How the COVID crisis affected retailers in 2020 and 2021
One of the most talked-about is how far the shopping experience has been changed, perhaps forever. Most obviously, some of the names we remember from the high street simply won’t be reopening should things return to normal, but others will look very different even once they do.
The first thing to happen was mass stockpiling - and while some flooded to supermarkets and corner shops, others went online in their droves. In the second week of March 2020, the website of popular online supermarket Ocado crashed due to overwhelming demand.
However, while the infrastructure might not quite have been prepared for the rush, the overall trend in the meantime for many businesses in groceries, clothing, and the wider retail sphere has been for eCommerce, helping a number of early adopters to a 2020 boom.
Vegetable box schemes, it was estimated, delivered 3.5 million individual packages between the beginning of March 2020 and the end of April - an increase in demand of 111%, with some providers reporting a sales surge of 134%. Nearly all of them needed to introduce waiting lists.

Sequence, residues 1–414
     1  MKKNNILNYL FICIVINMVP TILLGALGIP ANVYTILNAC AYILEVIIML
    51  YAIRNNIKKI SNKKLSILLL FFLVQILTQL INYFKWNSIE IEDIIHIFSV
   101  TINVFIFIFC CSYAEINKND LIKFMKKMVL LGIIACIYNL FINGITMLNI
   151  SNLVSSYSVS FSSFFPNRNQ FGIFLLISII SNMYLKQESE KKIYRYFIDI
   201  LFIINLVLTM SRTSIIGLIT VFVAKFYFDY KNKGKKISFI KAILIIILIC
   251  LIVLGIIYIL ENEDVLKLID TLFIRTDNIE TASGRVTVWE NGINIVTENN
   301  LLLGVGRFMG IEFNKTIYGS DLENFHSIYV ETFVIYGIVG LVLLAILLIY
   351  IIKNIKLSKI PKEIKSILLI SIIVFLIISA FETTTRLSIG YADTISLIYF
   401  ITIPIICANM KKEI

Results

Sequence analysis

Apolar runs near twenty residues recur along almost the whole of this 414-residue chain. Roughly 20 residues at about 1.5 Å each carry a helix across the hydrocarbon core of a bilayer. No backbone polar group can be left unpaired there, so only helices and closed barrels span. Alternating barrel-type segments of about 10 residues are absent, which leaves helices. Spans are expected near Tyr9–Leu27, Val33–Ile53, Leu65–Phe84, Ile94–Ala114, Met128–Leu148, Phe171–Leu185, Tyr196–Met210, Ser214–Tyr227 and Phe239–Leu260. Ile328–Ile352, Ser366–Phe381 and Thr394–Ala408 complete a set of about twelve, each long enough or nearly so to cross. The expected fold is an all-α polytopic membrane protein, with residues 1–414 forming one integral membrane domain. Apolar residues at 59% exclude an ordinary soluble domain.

It demonstrates that - while it might be difficult to compare shopping for essentials with shopping for clothes, homeware, and so on - people are now looking for a different way to buy the things they want and need.
"A clear path to new models" - Subscriptions and D2C
We talked to Dept, the Headline Partner of Digital City Festival, about how retailers across the board have been impacted by COVID.
Katy White, Client Partnership Director at Dept, said: “In a continuously changing environment, every organisation must re-evaluate and realign its operating model. COVID-19 has forced many brands to throw out the old rule book and evolve with consumers.
“This opens up a clear path to new business models, like subscription services and Direct-to-Consumer (D2C) offerings.”
Subscription models were already popular, but many of them skyrocketed after people started needing to stay home. Restaurants closed, so recipe box Gousto benefitted - achieving a 115% increase in customer demand in the first half of 2020.